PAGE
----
Transitions in the Catholic Church in Chicago

The Catholic Church is witnessing sweeping changes worldwide, and some of these tranformations are becoming apparent in Chicago.

The New York Times reports: “In Pope Francis’ most significant move yet to reshape the leadership of the Roman Catholic Church in the United States, Blase J. Cupich took his seat in Chicago on Tuesday as archbishop of the nation’s third-largest Catholic archdiocese and called on the church not to be afraid of change.”


“While his elevation unfolded in a series of scripted, centuries-old rituals, Cupich delivered personal remarks that set the tone for his tenure and marked the unprecedented transfer of power from one archbishop to another, as Cardinal Francis George became the first Chicago archbishop to retire,” according to the Chicago Tribune. Cardinal Francis George is battling cancer and has also faced criticism over his handling of clerical sexual abuse allegations.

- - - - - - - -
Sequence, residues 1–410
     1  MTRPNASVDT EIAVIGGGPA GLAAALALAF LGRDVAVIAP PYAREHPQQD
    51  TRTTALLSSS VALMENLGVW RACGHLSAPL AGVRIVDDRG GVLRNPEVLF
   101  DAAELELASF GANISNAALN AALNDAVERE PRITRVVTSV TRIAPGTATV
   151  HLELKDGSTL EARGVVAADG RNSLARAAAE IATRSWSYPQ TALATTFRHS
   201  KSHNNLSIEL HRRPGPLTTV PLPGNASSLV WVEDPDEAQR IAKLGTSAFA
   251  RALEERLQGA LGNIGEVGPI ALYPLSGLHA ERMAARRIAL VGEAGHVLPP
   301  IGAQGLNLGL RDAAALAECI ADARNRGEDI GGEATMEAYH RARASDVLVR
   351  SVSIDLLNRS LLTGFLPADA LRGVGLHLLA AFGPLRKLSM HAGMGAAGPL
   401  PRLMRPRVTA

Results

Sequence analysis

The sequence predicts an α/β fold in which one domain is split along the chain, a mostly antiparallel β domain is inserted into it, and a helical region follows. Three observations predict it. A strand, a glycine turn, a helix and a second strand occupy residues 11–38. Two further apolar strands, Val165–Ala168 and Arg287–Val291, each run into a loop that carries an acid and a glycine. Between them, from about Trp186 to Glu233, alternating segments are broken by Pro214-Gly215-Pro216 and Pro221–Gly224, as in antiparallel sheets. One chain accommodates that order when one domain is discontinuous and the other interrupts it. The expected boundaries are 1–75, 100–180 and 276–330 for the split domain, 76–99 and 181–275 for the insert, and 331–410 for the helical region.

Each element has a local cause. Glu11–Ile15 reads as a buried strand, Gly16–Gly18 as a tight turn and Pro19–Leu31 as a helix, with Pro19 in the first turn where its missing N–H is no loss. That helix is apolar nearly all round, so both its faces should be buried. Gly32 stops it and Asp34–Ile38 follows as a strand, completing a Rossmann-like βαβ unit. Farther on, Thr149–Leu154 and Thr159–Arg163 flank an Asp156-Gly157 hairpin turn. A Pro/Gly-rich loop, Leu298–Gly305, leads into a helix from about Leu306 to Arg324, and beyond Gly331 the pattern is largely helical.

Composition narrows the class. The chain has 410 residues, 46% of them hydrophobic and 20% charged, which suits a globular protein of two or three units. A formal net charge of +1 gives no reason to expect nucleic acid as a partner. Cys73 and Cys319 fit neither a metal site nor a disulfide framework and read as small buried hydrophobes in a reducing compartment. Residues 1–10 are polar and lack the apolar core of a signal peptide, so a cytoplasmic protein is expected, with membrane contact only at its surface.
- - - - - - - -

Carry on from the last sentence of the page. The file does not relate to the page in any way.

Retirement has historically been rare among ranking Catholic clergy, but perhaps Pope Benedict XVI’s resignation has created a model for Catholic archbishops and bishops to resign when unable to fulfill their duties?

Chicago Catholics are experiencing broader changes that go well beyond clerical transitions and procedural changes. “The archdiocese, with 2.2 million Catholics, embodies the changing face of the American church, in which Latin American immigrants are displacing those originally from Europe,” according to The New York Times. “The installation Mass featured participants speaking Spanish, Polish, Tagalog, Croatian, Vietnamese, German, Italian and Ojibwa.”

The New York Times and the Chicago Tribune report on Archbishop Cupich and the changes in the Catholic Church in Chicago. The Chicago Tribune has published numerous additional articles dealing with the transitions in the archdiocese.

NIU students working on religious politics will be interested in following this developing story.

This entry was posted in Catholicism and Religious Violence, Christianity and Religious Violence, Clergy and Religous Violence, Religious Politics. Bookmark the permalink.

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